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Moving from Ambiguity to Faith


Jesus’ third post resurrection statement was made during his interaction with two pilgrims on the road to Emmaus. You can find the story in Luke 24:13-35. The narrative describes two disciples who had observed all of the events in Jerusalem during the first passion week. While on the journey home, they were joined by a traveller who asked them, “What are you so concerned about?” They didn’t recognize their new traveling companion and began to describe all of the events that had occurred in Jerusalem that weekend. A careful reading of the story will reveal the ambiguity they felt. You could sum up the conversation like this:

Who was Jesus?
Well, he was a prophet.
Why did he come?
We hoped he would be the one to redeem Israel from Roman rule.
What did he accomplish?
We don’t really know. We heard his body was gone, and we heard he had risen.

How did Jesus help Cleopas and his wife transition from ambiguity to faith? How does Jesus help us move from ambiguity and uncertainty to faith?

Jesus first began with what faith they already possessed. Luke 24:25-27 reads as follows, “You foolish people! You find it so hard to believe all that the prophets wrote in the Scriptures. Wasn’t it clearly predicted that the Messiah would have to suffer all these things before entering his glory? Then Jesus took them through the writings of Moses and all the prophets, explaining from all the Scriptures the things concerning himself.”

It sounds counter-intuitive, but the road to faith actually begins with faith. Three times during the last six months of his public ministry Jesus foretold his passion. The point is that faith is a building that is constructed on what God has said in Scripture. The Scriptures serve as a foundation and we build on that foundation one story at a time. The two on the road to Emmaus weren’t challenged at the point of the circumstances of their immediate weekend. They were challenged at the point of the writings of the prophets over the course of several hundred years.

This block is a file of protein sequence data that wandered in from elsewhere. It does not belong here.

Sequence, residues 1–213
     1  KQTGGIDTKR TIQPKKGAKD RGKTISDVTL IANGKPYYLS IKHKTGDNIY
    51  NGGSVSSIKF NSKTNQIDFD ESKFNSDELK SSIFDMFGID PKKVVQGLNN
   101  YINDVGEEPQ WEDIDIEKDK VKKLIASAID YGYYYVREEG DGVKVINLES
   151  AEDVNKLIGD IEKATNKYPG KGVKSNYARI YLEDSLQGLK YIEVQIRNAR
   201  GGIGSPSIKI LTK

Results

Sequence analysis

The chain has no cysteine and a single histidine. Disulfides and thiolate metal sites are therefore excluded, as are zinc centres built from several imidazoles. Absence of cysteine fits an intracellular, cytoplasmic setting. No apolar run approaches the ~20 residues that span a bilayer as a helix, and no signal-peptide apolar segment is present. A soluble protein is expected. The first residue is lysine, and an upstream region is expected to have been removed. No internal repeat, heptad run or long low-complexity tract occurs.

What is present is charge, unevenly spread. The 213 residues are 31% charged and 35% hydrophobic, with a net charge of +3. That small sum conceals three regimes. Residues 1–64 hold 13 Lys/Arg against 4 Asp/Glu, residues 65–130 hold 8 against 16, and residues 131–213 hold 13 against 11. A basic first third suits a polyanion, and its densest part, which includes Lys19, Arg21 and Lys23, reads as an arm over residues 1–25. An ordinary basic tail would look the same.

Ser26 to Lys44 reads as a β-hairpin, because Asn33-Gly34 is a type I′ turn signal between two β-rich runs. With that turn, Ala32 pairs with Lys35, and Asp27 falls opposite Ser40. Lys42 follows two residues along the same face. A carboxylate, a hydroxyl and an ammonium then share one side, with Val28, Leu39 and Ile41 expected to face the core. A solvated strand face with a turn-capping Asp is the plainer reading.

When we take the first step of faith, faith will next open the door to reveal more light. Think about driving your car at night. Your car has headlights that reveal what is before you. Your vision is not unlimited, for the headlights reveal what lies before you for only a few yards. But as your car travels the light continues to illuminate your path. Even with limited vision, you as a driver are more than willing to drive 60 or even 70 MPH.

As the travel companions neared Emmaus, Jesus was invited to dine and stay with them. His words had taken root in their hearts and their faith was emerging. It was during dinner that the couple recognized Jesus through the breaking of bread. Then He was gone.

Rather than bask in the afterglow of the experience, the couple set out for the return trip to Jerusalem to share their discovery with the disciples. Jesus’ self disclosure made their faith personal. At the beginning of the story, the two pilgrims were wrestling with what others had said. But now their faith was personal because they had seen Christ for themselves. No longer did they need to live on borrowed faith. They learned that they could have their own faith and be free from ambiguity. So can we if we begin with the light we already possess.

Categories : Easter, Jesus

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